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Kathleen Mindt, left, Nicole Helm, middle, and Sylvia Schell, all of McClusky, shop at Kmart during their trip to Bismarck on Friday. 

Kasha Nels makes a quick Kmart run Friday before picking her kids up from school. They’re out of toilet paper.

Proximity makes the department store a convenient stop for Nels when she needs a household item or two. But depending on pressure from lenders, that may not be the case much longer.

Unable to make a $134 million debt payment Monday, Kmart’s parent company, Sears Holdings, filed for Chapter 11 bankruptcy. The filing follows round upon round of store closures in the past couple years, which already swallowed up the Sears location across State Street.

Bismarck’s Kmart continues to avoid the cut list, for now. But with each locked door, the city takes a sales tax hit and the shells of former retail giants dot the community and other towns across the country.

Though Sears said it plans to stay in business with as many stores as possible following the bankruptcy proceedings, other companies with the same goal have failed. The list is long of large retail chains that have folded in the last few years nationwide in the wake of online shopping trends.

“Retail, as you can see, is not doing very well right now; it’s not doing very well at all,” said Bismarck developer Bob Savageau.

He should know. Online sales have impacted his son’s business, Savvy Skate & Snow Shop, where he often lends a hand.

“We can’t compete with Amazon,” Savageau said. “These kids, online, they can buy it almost as cheap as we can … It is really, really tough.”

Should the Kmart building go on the market, commercial Realtor Kyle Holwagner said he thinks a new tenant would take over quickly. Proximity to Interstate 94 works in its favor.

There's an Upper Midwest development group watching the property closely, Holwagner said. The company has already redeveloped five other Kmart locations back to retail, often something more specialized than a one-stop-shop style store.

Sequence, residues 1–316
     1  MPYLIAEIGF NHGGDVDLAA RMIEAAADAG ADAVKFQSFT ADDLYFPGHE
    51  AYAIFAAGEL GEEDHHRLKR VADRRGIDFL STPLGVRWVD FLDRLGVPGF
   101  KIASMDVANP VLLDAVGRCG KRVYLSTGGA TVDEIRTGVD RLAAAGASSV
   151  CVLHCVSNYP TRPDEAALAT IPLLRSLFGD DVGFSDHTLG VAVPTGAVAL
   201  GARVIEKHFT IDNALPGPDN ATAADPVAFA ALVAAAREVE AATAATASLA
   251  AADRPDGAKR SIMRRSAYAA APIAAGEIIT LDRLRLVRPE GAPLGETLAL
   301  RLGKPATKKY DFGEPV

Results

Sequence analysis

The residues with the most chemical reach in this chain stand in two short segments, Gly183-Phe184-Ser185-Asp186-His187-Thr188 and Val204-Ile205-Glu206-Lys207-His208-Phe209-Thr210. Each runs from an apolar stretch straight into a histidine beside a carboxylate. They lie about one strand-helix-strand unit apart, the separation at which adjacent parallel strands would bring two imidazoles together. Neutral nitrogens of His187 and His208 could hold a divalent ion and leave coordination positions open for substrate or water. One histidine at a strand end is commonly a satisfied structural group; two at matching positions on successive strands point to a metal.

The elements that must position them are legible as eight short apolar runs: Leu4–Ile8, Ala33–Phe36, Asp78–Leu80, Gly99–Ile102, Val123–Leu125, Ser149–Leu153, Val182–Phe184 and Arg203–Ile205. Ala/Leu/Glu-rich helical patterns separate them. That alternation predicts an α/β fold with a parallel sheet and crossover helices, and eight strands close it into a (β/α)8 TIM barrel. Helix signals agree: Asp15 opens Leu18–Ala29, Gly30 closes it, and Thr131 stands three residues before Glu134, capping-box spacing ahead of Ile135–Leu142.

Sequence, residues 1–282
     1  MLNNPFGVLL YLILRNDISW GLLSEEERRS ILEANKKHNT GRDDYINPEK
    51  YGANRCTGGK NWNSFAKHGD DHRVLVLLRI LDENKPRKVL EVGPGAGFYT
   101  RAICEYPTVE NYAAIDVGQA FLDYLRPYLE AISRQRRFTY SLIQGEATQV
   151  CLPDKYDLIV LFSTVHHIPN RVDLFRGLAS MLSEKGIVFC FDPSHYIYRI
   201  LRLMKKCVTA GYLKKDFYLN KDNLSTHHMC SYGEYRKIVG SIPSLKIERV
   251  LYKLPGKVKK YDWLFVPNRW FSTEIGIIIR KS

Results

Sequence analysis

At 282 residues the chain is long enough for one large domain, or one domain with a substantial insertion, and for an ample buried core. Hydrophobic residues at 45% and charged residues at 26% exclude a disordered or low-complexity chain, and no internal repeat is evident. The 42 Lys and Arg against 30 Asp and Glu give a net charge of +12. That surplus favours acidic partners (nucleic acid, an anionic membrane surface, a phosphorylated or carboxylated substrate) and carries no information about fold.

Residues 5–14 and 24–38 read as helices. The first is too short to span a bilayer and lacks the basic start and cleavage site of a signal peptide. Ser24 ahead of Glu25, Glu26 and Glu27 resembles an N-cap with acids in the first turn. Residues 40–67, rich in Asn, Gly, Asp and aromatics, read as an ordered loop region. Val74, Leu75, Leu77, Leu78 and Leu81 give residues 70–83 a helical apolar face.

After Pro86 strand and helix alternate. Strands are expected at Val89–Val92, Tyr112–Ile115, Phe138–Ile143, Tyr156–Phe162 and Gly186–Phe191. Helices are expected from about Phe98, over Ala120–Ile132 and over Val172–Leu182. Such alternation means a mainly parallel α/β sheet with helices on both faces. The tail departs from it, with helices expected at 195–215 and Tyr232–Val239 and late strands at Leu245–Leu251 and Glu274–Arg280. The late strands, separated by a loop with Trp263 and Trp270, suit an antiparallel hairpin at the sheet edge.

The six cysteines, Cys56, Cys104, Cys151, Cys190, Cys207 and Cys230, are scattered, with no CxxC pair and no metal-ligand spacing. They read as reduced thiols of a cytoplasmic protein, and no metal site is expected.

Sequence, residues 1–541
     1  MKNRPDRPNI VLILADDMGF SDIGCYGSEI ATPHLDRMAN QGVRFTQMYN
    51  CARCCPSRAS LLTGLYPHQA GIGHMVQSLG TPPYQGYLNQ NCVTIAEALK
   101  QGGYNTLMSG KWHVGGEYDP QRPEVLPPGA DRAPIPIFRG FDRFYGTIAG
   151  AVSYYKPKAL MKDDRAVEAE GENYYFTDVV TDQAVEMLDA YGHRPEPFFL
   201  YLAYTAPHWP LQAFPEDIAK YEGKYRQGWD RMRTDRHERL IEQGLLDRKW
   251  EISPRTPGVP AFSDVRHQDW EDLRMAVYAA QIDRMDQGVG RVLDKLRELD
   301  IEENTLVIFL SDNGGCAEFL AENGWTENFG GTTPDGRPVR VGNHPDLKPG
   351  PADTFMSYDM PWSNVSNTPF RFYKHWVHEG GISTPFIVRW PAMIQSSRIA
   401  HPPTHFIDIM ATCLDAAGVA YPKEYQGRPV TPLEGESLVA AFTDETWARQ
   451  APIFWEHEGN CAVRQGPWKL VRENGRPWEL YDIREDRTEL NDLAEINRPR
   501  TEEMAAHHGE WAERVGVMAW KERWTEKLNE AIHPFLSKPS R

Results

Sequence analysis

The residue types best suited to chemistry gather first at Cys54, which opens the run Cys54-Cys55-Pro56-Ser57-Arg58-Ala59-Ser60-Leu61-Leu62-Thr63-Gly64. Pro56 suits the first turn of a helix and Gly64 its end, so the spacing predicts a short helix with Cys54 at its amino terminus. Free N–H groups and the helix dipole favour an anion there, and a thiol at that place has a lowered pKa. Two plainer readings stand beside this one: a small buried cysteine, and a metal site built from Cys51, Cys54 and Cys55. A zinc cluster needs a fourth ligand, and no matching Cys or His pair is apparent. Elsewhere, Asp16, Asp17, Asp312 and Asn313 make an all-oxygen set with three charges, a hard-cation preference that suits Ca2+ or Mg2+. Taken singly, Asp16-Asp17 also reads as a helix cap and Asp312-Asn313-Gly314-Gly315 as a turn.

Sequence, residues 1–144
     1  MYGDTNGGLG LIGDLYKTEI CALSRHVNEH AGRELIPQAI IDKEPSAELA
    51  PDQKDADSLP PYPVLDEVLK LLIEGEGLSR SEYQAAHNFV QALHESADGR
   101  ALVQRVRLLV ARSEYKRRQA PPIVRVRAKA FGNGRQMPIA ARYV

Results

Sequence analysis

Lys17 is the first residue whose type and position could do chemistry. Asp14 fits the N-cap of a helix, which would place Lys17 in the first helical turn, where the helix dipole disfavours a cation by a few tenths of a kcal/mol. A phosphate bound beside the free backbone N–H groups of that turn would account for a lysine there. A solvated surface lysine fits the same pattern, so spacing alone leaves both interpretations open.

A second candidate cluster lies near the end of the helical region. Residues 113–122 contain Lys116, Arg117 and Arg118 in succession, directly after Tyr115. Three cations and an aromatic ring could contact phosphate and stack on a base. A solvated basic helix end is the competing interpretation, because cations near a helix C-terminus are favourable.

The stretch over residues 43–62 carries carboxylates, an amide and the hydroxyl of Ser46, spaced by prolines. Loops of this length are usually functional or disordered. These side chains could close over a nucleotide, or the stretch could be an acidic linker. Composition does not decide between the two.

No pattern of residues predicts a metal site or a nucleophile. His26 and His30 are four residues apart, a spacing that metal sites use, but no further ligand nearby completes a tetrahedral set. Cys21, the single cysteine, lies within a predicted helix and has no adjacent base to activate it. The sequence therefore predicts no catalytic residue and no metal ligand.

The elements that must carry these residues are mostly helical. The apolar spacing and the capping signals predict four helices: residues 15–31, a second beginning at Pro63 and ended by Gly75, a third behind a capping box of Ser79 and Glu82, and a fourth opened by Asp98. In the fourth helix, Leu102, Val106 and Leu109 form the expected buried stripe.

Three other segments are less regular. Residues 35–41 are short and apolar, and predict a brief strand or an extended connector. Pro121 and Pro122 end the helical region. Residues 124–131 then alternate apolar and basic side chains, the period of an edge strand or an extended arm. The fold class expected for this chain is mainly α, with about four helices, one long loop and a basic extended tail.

"You’re going to see more of this happening as e-commerce continues to play a role," Holwagner said of closures.

Savageau also has experience rebuilding a fallen retail space. He’s among the partners who took ownership of the former Home Depot property when it closed, along with 15 other locations nationwide lagging in sales, in 2008.

“We were fortunate that we kind of had one of the tenants lined up,” Savageau said.

The state’s IT Department moved offices into the space. Later, the state Department of Human Services would take over the lease.

“We felt much more comfortable going and getting more stable tenants like the state and Sanford,” Savageau said.

Last June, Sanford POWER athletic training facility, made its home in the other half of the space.

“It’s actually the perfect set up,” said Mike Salwei, Sanford POWER manager in Bismarck. The high ceilings work well for sports and the training facility needed more room than it had at its Lovett Avenue space.

Retailers are having to redesign their business models. One model that might work better in Fargo, Holwagner said, are distribution centers with a small retail front. In Bismarck, he says, it's been more medical services coming in.

Planet Fitness moved into the former Hancock Fabrics store at Gateway Mall in north Bismarck this summer. Franchisee Dave Leon said, when announcing the opening, he looks for those types of struggling spaces in mall properties because they often have the parking he needs.

"With these large spaces, landlords are having to consider all types of options," said commercial Realtor Scott Ritter. "For every big box that has closed and filed bankruptcy, everyone is trying to find the next up-and-coming thing."

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Reach Jessica Holdman at 701-250-8261 or jessica.holdman@bismarcktribune.com

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Business Reporter